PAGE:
infovore + seams   3

CGWTF: Simon Starling's Phantom Ride
"I was hoping that Simon Starling [would engage with CGI as a medium creatively]. But he didn't - he used it _invisibly_. CGI is always used invisibly. You're not supposed to see the seams. It's supposed to appear like it's not CGI in order to fool the eye and boggle the mind. Sadly (for me and probably no-one else) CGI was again denied the opportunity to do anything more than _facilitate_." I enjoyed Starling's piece, but this is astute and fair criticism. (I'm rather taken with Alan Warburton following his Spherical Harmonics at the Photographer's Gallery. All of CGWTF is very good.)
cgi  cg  animation  media  interrogation  art  alanwarburton  seamlessness  seams 
january 2014 by infovore
potlatch: how not to save a tiger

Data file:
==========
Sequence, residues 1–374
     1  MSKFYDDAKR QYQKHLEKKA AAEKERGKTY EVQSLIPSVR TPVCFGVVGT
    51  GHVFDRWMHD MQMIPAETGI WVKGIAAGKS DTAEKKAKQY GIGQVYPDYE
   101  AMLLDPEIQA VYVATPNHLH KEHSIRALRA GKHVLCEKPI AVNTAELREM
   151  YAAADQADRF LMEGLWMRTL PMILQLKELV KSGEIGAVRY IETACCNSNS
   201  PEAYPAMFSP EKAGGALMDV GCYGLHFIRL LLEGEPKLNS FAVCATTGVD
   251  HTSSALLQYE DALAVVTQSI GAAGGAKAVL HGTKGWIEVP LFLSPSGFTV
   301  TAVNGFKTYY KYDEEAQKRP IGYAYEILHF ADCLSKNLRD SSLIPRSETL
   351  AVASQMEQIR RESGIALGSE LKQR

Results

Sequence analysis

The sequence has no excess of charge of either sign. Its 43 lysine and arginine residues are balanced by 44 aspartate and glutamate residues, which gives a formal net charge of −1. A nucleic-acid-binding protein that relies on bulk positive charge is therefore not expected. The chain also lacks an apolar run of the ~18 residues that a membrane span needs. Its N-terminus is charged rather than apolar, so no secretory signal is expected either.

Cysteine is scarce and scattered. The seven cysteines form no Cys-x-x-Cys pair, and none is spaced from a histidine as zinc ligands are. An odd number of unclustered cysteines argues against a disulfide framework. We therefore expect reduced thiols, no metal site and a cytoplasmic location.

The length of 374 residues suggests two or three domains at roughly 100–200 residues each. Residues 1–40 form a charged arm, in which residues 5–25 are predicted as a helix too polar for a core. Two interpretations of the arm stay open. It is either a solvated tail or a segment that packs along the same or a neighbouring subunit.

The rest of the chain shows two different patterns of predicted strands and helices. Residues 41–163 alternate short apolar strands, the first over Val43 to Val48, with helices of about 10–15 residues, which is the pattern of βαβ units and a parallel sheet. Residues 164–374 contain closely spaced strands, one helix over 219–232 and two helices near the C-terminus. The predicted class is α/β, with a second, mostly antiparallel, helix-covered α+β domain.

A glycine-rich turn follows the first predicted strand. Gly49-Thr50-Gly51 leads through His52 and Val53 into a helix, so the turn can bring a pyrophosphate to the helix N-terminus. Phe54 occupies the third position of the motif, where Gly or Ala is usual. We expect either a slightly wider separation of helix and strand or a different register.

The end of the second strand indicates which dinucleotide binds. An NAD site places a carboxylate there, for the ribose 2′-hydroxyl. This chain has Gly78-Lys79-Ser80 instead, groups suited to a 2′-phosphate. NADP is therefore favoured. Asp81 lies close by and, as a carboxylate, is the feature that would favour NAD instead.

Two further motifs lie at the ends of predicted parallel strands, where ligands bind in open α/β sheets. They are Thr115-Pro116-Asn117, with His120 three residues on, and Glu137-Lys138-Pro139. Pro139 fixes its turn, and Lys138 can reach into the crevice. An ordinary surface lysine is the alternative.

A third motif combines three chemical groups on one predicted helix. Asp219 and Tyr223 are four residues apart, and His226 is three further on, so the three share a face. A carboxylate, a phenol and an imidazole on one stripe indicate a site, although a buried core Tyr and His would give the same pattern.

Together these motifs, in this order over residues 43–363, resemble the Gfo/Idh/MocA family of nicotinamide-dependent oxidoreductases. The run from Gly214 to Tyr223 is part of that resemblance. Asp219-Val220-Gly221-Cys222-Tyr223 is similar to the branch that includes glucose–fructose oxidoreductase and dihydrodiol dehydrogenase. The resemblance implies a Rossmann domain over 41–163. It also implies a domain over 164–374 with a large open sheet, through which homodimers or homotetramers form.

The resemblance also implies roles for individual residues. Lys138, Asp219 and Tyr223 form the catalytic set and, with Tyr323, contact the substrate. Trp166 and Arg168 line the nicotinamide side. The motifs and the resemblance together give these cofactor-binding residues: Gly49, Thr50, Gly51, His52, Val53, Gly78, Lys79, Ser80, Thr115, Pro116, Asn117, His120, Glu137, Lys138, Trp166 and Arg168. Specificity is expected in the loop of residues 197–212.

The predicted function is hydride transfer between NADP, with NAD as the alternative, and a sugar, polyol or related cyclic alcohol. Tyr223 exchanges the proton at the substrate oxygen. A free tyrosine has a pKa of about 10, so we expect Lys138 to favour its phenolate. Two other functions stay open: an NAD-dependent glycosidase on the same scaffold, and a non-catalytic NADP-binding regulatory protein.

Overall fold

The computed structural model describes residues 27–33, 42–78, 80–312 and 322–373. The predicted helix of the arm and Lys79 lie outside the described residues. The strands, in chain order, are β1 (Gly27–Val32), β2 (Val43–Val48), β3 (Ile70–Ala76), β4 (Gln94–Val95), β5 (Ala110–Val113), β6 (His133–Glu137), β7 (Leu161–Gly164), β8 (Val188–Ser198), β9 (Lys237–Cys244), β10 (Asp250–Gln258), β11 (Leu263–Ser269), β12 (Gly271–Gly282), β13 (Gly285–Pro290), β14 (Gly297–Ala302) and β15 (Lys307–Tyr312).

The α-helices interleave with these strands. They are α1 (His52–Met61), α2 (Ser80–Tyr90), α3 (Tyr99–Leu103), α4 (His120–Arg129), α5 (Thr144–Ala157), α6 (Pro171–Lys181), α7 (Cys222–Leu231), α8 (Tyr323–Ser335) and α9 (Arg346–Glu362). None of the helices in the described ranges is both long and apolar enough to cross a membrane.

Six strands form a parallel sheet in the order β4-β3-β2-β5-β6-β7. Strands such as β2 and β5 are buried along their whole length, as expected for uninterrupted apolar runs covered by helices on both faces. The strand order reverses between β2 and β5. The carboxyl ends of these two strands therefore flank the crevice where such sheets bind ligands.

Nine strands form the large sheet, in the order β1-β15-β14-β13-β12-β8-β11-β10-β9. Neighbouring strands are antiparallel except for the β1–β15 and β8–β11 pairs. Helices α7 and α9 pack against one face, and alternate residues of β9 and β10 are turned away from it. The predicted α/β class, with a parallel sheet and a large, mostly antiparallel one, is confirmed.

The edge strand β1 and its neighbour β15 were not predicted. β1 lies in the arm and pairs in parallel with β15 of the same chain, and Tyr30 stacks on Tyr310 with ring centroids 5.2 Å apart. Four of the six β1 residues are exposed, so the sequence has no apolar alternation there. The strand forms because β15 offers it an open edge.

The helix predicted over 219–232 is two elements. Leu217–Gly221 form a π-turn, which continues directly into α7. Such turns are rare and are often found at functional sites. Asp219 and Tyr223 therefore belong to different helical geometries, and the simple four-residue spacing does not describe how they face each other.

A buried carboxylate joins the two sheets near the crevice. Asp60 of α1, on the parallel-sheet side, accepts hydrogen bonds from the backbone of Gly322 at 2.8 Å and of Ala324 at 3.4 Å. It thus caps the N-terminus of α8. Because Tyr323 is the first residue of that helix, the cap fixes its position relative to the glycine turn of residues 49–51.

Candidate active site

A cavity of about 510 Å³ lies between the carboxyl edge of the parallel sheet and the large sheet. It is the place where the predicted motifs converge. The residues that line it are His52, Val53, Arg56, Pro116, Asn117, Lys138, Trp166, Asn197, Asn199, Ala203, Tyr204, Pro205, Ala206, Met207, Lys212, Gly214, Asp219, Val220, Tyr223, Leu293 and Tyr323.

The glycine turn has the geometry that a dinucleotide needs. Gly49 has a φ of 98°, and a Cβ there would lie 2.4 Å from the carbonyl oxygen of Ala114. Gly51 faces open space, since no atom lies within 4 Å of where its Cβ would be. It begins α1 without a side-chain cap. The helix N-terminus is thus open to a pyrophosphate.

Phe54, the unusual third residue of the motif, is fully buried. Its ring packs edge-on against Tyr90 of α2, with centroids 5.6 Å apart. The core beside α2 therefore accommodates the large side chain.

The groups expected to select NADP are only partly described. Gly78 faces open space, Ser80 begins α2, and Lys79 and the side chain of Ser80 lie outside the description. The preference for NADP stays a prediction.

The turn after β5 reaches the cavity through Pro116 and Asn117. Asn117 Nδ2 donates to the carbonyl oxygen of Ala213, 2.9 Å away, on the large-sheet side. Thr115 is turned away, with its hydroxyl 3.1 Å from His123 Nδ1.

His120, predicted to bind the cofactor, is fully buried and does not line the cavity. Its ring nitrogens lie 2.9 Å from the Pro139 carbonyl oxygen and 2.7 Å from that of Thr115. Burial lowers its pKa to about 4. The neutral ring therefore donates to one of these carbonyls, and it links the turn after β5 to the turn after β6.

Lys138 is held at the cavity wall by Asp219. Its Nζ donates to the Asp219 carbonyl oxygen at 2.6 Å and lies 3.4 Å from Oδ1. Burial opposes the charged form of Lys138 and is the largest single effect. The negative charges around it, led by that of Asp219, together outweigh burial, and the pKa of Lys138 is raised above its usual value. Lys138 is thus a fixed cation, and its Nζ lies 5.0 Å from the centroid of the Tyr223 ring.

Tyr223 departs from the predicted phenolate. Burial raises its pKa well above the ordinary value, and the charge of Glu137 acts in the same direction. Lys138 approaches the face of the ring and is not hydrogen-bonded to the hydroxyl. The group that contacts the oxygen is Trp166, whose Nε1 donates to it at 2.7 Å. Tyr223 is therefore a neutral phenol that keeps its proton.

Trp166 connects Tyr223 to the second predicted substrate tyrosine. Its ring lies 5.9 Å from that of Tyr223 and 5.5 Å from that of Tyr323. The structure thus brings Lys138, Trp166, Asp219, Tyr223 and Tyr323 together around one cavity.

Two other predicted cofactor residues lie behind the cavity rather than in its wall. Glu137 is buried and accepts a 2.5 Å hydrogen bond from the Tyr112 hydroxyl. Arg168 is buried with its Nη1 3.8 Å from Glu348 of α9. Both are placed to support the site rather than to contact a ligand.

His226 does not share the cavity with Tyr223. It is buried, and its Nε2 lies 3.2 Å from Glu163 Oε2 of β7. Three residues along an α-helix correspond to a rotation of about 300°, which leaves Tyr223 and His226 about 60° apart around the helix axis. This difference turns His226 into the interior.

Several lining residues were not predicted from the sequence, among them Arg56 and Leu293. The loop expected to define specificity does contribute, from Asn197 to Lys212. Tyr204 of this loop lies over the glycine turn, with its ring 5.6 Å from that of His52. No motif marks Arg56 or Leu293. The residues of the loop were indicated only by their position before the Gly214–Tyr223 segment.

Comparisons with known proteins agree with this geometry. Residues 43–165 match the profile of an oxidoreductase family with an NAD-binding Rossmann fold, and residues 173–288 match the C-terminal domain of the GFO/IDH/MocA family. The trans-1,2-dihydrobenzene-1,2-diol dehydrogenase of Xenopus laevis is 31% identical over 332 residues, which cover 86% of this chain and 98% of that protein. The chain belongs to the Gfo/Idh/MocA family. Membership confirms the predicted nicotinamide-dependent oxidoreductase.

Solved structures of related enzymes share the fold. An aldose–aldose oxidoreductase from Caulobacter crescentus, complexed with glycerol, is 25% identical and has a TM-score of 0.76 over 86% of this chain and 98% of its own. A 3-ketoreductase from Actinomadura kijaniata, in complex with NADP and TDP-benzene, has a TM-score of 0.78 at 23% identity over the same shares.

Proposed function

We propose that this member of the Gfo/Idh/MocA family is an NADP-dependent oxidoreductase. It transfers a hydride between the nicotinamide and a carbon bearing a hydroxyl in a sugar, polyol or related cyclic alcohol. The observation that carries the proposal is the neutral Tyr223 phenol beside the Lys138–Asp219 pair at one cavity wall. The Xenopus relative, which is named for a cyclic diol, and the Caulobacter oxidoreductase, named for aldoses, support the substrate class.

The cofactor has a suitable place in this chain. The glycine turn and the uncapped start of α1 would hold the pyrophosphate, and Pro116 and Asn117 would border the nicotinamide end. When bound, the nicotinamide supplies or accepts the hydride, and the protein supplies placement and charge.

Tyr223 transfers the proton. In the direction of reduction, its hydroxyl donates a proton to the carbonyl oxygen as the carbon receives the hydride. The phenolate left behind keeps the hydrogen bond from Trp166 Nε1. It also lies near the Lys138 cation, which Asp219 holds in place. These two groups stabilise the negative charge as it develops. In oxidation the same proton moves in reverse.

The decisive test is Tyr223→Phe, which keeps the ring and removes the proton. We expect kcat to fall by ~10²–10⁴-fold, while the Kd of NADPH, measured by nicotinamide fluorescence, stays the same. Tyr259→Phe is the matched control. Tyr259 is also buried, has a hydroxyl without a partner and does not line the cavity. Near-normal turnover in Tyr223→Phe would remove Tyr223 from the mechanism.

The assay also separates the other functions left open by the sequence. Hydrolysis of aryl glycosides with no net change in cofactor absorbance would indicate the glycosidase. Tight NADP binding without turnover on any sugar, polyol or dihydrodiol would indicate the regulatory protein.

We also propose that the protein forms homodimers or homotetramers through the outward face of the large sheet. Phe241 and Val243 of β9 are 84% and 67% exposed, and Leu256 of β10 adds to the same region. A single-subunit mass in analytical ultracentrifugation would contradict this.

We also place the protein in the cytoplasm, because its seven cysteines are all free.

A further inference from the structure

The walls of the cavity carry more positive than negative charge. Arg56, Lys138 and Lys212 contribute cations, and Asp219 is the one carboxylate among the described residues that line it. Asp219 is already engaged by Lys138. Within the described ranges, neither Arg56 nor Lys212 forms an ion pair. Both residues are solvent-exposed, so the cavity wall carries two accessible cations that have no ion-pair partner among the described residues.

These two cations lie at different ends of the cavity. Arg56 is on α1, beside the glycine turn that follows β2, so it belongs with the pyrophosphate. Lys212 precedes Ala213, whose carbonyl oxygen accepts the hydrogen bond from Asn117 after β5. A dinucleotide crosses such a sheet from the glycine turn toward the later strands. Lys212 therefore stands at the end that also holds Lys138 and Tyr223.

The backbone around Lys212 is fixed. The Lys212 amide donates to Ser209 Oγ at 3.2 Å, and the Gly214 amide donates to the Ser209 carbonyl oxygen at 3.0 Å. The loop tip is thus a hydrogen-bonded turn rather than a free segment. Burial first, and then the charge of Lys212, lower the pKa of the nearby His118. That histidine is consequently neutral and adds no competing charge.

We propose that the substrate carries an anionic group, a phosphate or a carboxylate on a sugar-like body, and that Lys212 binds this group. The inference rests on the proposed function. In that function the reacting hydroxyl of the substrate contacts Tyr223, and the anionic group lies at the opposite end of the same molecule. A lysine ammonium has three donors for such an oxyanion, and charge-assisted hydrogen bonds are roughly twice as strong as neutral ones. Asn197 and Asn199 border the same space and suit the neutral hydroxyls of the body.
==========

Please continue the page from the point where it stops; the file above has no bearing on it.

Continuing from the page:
"The therapeutic role of digital media is to allow an instrumental view of social relations to be propagated, in which the instrument somehow suspends any sense of moral causality or responsibility. Between the 'input' and the 'output' is a machine that we are blissfully unable or unwilling to understand. Hence, the possibility that clicking "send" might stop a stoning in Iran." This is very good.
willdavies  charity  connections  seams  logic  advertising 
june 2012 by infovore
Chris Heathcote: anti-mega: sand in the vaseline
"Experience designers love a bit of Saarinen: “Always design a thing by considering it in its next larger context – a chair in a room, a room in a house, a house in an environment, an environment in a city plan.” That’s what’s wrong here, an RFID card is not considered within the context of a wallet, containing multiple competing RF field creating information and ID objects, and this new, electric wallet isn’t considered within the larger system of shops and the invisible RF world." Companies don't design for seams - and, as Chris points out, when they do, it's for seams between all their own products.
saarinen  rfid  experience  chrisheathcote  seams  design 
january 2012 by infovore

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